Tell your story

Who’s more likely to do the next great thing, a woman who landed a job in radio in high school and who was co-anchoring the local evening news by age 19, or a woman who was raised by a poor, single, teenage mother and who was raped at the age of nine? Fans of Oprah Winfrey will recognize that they’re the same person, but if you only knew one side or the other, you might draw some very wrong conclusions about where the story is going to go.

When you tell your own story, you can have a powerful influence on what the reader believes will come next. By focusing on the times in your life when you were most productive and most positive, you can paint a picture of someone who is going to do great things.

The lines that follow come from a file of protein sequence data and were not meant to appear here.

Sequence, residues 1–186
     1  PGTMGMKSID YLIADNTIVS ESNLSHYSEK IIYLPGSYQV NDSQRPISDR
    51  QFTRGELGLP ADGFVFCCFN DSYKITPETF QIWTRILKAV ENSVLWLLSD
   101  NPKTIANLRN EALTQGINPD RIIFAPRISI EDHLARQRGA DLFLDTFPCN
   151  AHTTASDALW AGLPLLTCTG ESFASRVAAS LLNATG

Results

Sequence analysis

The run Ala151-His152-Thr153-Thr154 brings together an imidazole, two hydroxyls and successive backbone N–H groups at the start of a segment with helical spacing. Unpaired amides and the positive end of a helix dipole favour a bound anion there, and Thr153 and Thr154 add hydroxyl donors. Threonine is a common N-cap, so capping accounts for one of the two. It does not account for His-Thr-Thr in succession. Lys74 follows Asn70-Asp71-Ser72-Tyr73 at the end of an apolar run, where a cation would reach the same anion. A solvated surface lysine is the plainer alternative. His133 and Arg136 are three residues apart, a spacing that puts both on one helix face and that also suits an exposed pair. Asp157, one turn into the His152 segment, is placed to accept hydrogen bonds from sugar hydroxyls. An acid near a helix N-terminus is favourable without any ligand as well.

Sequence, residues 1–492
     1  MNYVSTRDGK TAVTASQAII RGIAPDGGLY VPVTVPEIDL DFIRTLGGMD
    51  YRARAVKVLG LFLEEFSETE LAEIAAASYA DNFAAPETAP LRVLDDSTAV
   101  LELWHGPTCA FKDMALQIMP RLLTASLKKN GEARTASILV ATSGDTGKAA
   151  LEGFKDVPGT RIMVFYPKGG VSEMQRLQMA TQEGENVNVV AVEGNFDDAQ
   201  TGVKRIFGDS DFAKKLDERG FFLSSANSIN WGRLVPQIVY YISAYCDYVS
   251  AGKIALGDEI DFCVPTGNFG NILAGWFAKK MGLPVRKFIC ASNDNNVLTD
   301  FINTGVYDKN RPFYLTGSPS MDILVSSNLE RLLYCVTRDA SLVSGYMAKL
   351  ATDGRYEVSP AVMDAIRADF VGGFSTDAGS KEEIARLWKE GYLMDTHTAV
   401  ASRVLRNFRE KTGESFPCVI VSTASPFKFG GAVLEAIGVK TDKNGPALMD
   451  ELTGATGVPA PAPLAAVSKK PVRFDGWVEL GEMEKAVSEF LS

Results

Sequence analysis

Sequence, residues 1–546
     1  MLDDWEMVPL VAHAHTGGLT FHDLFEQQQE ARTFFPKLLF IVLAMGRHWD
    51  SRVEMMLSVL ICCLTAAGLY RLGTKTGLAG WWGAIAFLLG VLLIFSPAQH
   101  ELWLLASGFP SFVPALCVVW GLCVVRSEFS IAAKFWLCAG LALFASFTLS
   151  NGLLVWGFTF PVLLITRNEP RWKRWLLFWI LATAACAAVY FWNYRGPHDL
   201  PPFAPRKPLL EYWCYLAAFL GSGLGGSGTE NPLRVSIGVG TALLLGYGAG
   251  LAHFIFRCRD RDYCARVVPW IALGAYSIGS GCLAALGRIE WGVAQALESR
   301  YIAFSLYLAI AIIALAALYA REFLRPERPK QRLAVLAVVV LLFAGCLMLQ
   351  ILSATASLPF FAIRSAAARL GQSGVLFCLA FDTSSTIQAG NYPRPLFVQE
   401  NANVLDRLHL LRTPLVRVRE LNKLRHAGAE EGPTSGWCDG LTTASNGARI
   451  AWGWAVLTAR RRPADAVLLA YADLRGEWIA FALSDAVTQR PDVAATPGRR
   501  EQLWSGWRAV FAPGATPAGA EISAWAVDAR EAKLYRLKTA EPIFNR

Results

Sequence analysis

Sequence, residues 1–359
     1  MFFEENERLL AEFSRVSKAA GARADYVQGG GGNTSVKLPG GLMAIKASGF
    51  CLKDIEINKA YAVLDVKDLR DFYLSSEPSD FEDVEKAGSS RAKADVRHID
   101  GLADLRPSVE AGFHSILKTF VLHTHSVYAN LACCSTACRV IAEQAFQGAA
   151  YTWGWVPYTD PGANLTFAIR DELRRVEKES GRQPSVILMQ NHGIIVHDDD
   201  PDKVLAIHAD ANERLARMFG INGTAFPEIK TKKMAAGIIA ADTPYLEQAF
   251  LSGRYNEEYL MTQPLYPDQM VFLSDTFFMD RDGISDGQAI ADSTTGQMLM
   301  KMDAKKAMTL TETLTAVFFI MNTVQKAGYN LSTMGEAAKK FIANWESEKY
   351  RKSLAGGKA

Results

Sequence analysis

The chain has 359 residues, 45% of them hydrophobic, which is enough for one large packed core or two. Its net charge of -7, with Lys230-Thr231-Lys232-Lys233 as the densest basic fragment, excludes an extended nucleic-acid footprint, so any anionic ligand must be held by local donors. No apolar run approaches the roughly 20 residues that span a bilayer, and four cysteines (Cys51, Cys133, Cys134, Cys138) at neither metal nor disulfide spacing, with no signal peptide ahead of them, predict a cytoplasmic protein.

Who’s the most important reader of this story? You are! In fact, you tell yourself your own story constantly. Most of the time, you do it unconsciously, so you repeat what you’ve been telling yourself for years. Try taking conscious control of your story and tell it in a way that makes the next great step inevitable.

That's great. But show me another.